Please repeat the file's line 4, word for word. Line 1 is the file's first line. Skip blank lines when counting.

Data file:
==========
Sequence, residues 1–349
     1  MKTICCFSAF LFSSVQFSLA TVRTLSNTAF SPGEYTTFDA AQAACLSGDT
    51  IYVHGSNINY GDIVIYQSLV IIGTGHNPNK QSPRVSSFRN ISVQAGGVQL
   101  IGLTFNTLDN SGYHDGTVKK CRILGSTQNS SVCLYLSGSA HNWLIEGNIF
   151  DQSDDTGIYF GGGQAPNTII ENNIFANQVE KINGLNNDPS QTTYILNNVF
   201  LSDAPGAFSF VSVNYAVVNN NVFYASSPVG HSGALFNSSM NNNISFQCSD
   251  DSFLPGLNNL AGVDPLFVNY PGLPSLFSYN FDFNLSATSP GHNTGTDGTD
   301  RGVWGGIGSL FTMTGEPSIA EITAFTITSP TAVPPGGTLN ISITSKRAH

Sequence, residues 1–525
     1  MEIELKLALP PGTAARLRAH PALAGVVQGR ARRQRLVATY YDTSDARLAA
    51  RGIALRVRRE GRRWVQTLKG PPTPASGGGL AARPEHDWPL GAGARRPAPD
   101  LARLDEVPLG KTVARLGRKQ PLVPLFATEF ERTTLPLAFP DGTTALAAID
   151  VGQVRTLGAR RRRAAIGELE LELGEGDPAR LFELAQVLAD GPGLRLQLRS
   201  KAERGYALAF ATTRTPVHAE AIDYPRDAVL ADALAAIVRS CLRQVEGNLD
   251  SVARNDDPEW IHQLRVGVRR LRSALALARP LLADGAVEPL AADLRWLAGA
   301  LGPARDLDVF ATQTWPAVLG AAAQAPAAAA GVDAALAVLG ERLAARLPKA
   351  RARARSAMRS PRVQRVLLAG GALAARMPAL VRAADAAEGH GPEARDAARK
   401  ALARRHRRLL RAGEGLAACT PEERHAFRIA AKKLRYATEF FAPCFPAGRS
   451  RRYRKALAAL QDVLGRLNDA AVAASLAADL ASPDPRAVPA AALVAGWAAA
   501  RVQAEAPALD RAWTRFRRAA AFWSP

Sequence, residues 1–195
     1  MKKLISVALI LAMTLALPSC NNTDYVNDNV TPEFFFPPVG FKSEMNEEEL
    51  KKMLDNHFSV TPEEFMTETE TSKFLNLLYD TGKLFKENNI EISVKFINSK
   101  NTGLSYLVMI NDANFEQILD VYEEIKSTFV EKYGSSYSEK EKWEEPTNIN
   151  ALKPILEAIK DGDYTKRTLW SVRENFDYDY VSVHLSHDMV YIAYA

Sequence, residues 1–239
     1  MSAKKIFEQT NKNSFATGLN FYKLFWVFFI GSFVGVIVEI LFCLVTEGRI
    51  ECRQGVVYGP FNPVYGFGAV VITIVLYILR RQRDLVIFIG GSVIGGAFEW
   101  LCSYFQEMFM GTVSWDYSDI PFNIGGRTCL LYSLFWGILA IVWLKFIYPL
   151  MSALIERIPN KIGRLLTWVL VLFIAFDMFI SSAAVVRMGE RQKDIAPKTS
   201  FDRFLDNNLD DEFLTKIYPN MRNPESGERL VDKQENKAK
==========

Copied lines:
   101  IGLTFNTLDN SGYHDGTVKK CRILGSTQNS SVCLYLSGSA HNWLIEGNIF